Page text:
Terri Smith and her partner Mark Rupp worked together on their show, Nonsensical Matter, on at the Station House Gallery until Nov. 25. Lori Macala photo

Terri Smith and her partner Mark Rupp worked together on their show, Nonsensical Matter, on at the Station House Gallery until Nov. 25. Lori Macala photo

‘Interesting garbage’ turned to fantastical art at the Station House Gallery

Salvaged art exhibit Nonsensical Matter runs till Nov. 25

Bits of wire, half-recognizable kitchen appliances, welded pipes and jumper cables are woven through the pieces in the fantastical exhibit Nonsensical Matter at the Station House Gallery.

Artists Terri Smith and her partner Mark Rupp, with guest Brian McKillican have created an exhibit sourced from salvaged materials.

“I have never been able to overlook interesting garbage,” said Smith, who lives with Rupp on a farm near Quesnel.

“There are organized piles of interesting scraps of metal and wood, industrial parts, random treasures everywhere in and around the barn, and his basement is full of electronic pieces, old tins, broken glass, antique hardware and more.”

“Salvaged materials is really the thing that ties our pieces together as both of us tend to get bored with making the same thing and often move from one medium to another,” she said.

When they saw some of the art McKillican makes from salvaged steel, they invited him to also put a few pieces in the show.

The couple finds much of the salvaged pieces through their job grass seeding cut blocks and ditches. In the process, they often encounter old mining cabins.

“We love the history of this area and love looking at remnants of where people once lived and thinking about what life was like for them there. Most cabins have little dumps, usually over a convenient hill beside the cabin, and looking through old garbage really gives you an idea of what their lives were like.

“Most of them were bachelors, and it shows since most of the garbage will be old tobacco tins, bean cans and men’s boots.”

Other days, they’ll stop at a local dump.

“These are great places to find discarded art supplies,” said Smith. “Mark looks for interesting hardware or interesting shapes of metal. We both have our eye out for copper and brass anything, and some old objects are just treasures in themselves. We also love old televisions. Televisions are great. The tubes are fascinating pieces of art, the glass is incredibly thick and I used some of it to do wire wrapping with in the show, and there is also a lot of copper wire inside. One of my favourite mediums is wire, and there are endless sources for wire in garbage: old alternators, televisions and jumper cables being my favourites.”

Smith said that sometimes one of them will have an idea for an object to create and look for pieces that will work for it, while other times a found object will inspire a new project.

A ray gun that is in the exhibit began from a candle holder found in the Share Shed and a light up toy wand. From there, Smith looked for glass and copper to finish the piece.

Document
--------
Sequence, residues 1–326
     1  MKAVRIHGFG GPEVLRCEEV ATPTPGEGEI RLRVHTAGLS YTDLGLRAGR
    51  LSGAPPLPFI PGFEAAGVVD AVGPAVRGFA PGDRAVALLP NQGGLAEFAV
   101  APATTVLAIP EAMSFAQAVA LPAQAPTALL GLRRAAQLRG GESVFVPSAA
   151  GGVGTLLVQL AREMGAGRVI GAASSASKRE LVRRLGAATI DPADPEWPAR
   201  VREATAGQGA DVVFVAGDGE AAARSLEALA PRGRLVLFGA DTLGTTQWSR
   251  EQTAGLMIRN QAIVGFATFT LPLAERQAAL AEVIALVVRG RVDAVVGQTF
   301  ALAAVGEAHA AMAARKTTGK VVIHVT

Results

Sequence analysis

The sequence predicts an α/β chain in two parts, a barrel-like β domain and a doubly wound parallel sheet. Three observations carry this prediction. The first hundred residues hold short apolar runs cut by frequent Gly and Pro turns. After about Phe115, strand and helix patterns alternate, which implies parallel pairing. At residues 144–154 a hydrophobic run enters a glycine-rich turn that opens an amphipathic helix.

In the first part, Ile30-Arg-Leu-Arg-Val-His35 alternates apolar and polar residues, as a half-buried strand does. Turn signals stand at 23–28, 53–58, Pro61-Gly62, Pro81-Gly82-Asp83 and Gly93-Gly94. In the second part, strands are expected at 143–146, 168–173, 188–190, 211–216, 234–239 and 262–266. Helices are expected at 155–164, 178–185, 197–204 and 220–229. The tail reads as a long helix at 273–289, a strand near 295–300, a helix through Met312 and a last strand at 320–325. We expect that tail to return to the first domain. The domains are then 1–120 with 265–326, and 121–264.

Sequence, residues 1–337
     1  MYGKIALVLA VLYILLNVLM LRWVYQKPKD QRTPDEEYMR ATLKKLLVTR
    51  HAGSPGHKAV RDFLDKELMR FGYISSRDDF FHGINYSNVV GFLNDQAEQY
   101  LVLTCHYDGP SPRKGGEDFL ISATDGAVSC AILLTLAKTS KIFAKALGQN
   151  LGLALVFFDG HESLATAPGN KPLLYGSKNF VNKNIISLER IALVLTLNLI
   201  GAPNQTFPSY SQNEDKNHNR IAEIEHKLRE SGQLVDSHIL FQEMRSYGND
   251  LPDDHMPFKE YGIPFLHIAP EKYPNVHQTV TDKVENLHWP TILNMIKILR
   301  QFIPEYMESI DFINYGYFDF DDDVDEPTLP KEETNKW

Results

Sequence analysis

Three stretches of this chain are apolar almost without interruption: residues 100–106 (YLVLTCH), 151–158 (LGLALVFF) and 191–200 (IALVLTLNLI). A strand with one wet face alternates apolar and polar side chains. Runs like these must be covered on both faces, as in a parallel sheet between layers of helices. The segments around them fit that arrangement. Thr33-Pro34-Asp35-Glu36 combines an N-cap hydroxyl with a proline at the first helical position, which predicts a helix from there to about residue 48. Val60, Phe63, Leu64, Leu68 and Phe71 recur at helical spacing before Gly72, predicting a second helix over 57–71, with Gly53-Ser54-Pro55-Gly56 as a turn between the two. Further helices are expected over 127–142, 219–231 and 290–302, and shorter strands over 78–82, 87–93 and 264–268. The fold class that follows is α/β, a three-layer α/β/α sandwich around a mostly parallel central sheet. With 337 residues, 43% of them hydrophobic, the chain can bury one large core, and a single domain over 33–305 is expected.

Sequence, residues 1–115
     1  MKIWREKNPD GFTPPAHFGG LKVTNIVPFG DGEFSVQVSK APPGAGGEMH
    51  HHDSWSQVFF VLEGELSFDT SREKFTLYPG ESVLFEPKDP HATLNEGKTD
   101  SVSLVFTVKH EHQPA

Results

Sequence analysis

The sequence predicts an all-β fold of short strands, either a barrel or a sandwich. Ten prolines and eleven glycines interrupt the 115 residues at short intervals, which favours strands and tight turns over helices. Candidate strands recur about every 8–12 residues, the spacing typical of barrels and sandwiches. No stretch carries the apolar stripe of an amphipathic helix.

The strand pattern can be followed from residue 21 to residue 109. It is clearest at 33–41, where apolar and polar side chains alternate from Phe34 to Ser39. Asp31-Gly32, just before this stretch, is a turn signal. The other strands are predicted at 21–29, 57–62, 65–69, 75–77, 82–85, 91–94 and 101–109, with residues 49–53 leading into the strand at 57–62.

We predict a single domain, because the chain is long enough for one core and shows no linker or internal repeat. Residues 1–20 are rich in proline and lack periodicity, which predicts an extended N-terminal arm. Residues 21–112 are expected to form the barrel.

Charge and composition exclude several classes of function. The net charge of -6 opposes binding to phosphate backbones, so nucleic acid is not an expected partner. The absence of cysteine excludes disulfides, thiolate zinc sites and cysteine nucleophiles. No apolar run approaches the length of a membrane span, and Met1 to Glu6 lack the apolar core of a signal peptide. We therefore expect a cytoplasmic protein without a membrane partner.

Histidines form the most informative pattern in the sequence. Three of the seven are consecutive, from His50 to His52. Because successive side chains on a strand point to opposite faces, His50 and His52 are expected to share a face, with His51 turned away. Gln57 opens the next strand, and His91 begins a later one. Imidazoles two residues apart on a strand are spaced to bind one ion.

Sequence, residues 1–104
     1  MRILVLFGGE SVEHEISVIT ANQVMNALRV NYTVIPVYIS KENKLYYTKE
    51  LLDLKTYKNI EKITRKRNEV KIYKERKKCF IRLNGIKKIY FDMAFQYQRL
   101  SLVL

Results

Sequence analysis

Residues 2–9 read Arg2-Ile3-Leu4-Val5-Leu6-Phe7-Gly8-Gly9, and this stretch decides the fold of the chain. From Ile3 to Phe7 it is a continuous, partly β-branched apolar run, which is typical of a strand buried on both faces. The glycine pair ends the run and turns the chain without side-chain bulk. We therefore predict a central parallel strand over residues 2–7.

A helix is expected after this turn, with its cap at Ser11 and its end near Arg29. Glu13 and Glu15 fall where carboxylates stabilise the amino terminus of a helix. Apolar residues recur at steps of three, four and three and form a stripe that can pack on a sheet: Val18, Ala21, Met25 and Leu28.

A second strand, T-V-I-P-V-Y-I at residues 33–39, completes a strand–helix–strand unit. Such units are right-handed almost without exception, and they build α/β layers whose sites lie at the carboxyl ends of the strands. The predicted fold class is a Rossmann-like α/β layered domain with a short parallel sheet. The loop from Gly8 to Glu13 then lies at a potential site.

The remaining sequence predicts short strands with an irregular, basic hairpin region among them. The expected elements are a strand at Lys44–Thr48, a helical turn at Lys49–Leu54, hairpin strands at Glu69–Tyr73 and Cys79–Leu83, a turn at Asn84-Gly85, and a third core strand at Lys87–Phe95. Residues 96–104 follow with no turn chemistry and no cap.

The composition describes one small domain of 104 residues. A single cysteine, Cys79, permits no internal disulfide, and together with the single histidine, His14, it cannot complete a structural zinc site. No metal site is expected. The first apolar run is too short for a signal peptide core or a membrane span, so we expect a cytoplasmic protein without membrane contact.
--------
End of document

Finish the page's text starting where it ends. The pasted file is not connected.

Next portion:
“Scavenging in a junk pile one day I found a hollow glass stopper from a broken wine decanter, probably from the 60s and it was perfect,” she said.

“A few days later we had a flat tire on our way to work. While we were at the tire shop waiting, Mark picked up a broken brass valve stem off the ground outside and handed it to me. It was exactly the shape of object I needed.”

The couple also dances burlesque, and on display are a couple of their costumes.

“For burlesque, it has to fit in a way that is easy to put on and take off again without destroying it. I really enjoy the unique challenges of burlesque costuming. I also love the confidence burlesque inspires, I love the humour and satire of it, and the idea that every body is beautiful. It also fits well with our love of art from salvaged objects since pretty much everything we make for burlesque is recycled.”

Often, Smith said, they base their numbers about the story, props and costume and end up choreographing their dances to go with their outfits, as opposed to the other way around.

The show’s title, Nonsensical Matter, came from a dictionary. Under the term “garbage,” nonsensical matter was listed as a definition.

“Do take the title of the show literally. It’s all nonsense. We had a lot of fun. Mark has some more serious pieces in this show intended to make a person think, but I don’t think anything I’ve made is serious,” said Smith.

The show runs at the Station House Gallery until Nov. 25.

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Lori Macala photos                                Terri Smith stands in front of one of her marvellous reclaimed art pieces at the Station House Gallery during the opening of her and her partner Mark Rupp’s show, Nonsensical Matter.

Lori Macala photos Terri Smith stands in front of one of her marvellous reclaimed art pieces at the Station House Gallery during the opening of her and her partner Mark Rupp’s show, Nonsensical Matter.

Guest artist Brian McKillican stands with two of his unique designs, welded from salvaged metal, at the Nonsensical Matter exhibit.

Guest artist Brian McKillican stands with two of his unique designs, welded from salvaged metal, at the Nonsensical Matter exhibit.

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